Most Nicaraguans following today’s presidential election in the United States are pulling for incumbent candidate Barack Obama—and not just because the Sandinistas have a particularly strong urge to reelect politicians.
According to a recent M&R Consultants poll, 51% of Nicaraguans want Obama to beat Republican challenger Mitt Romney, who has the support of less than 6% of Nicaraguans. Though Romney polls slightly better among those who identify as members of Nicaragua’s right-wing opposition, even the Liberals favor Obama 2:1, according to the M&R poll. Meanwhile, 60% of Sandinistas want Obama to win—or, as Roberto Rivas calls it, 87%.
While most Nicaraguans seem fond of the U.S. president, they will probably be following his final push for reelection from the netting of their hammocks, rather than the edge of their seats. The same M&R poll suggest that 42% of all Nicaraguans—and an astonishing 47% of the opposition—don’t care or don’t have an opinion about the U.S. elections. That suggests a sharp decline in the influence of U.S. politics on Nicaragua, or at least the perception of such.
During the difficult days of the Bolaños administration, when Nicaragua’s beleaguered president was pinned against the ropes and appealing to the U.S. and the OAS for help against what was later dubbed a “creeping coup” by caudillos Daniel Ortega and Arnoldo Alemán, the U.S. government was perceived to be a major player in Nicaraguan politics. When Nicaraguans were polled by M&R Consultants in 2005 and asked “Who has the power in Nicaragua?”, nearly 17% answered “The United States.” By comparison, only 12.5% said “the FSLN” and less than 9% said “President Enrique Bolaños.”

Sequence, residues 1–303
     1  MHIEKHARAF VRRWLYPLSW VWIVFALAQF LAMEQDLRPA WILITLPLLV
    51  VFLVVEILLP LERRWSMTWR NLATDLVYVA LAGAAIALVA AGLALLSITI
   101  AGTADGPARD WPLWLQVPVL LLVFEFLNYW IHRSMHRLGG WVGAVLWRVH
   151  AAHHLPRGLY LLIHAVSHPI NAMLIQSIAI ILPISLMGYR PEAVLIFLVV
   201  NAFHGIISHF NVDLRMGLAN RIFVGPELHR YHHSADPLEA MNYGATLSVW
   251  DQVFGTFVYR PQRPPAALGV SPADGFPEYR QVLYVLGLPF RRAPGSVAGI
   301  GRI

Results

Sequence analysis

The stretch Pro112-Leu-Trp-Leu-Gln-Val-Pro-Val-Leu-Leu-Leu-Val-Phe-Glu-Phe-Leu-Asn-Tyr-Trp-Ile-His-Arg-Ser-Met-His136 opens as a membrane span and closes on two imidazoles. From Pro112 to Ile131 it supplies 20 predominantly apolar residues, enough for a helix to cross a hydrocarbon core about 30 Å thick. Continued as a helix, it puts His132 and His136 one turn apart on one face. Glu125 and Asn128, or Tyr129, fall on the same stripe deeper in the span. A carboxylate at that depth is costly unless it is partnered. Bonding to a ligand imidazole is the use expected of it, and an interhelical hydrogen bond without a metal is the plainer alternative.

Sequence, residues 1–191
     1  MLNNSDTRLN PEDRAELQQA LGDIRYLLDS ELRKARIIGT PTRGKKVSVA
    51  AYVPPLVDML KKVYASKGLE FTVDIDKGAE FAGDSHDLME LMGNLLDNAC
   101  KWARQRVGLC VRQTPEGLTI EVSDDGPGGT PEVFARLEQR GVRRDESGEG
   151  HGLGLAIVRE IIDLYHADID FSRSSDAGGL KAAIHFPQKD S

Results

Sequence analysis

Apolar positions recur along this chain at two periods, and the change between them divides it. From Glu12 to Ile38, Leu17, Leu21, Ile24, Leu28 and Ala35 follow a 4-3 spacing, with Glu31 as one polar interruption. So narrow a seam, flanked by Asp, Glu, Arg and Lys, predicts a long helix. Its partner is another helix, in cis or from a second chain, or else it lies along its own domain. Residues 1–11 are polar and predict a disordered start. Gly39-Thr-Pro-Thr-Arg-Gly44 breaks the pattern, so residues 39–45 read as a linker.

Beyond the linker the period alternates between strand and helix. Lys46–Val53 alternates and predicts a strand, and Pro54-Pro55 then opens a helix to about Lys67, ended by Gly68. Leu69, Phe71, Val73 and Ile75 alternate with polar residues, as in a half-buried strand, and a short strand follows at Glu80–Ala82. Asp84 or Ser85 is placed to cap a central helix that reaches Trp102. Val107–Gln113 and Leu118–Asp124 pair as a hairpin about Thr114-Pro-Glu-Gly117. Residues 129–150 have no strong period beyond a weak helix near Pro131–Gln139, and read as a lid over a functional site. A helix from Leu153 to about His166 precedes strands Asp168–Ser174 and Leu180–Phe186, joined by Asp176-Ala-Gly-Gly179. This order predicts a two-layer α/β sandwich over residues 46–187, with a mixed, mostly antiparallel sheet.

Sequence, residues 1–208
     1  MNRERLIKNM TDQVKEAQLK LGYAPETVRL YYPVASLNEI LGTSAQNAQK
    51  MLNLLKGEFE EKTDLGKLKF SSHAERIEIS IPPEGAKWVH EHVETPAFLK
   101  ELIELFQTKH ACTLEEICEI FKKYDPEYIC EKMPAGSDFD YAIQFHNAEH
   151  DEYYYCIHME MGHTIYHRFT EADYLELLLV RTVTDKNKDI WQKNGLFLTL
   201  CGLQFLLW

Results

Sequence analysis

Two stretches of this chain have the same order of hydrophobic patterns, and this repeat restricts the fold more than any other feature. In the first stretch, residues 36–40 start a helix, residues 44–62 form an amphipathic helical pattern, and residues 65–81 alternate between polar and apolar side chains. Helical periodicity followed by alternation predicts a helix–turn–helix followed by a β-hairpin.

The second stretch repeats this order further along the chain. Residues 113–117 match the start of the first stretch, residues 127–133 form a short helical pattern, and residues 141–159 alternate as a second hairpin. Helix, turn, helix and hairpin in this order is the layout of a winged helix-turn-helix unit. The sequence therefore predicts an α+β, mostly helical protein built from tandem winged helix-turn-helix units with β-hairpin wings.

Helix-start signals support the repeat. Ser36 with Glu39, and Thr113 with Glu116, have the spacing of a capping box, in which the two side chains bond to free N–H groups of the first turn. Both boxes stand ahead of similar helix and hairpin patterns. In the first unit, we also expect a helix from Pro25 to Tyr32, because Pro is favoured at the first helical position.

Seven years later, when Nicaraguans were asked the same question in an M&R poll conducted three months ago, the U.S. didn’t even make the list of political powerbrokers.
If Nicaraguans are feeling indifferent toward the U.S. presidential election, it’s perhaps because the feeling seems mutual. Latin America in general—and Nicaragua in particular—was not an issue in this year’s U.S. presidential campaign, other than a few passing comments from Romney who expressed a desire to engage the hemisphere and increase trade with Latin America.
But Nicaraguans who support Romney seem to be doing so for his get-tough political talk rather than his stance on free-trade and investment. Now that Democrats and Republicans (and Sandinistas, for that matter) basically have the same stance on free-trade, the commercial agenda has essentially become a nonfactor.
Over the past five years, with a Democratic White House in Washington and a Sandinista presidential bunker in Managua, bilateral trade and investment have doubled, setting new records in both categories. No one still argues that the Republicans are better for trade; as such, Nicaragua’s business sector seems to have lost a bit of its enthusiasm for the G.O.P.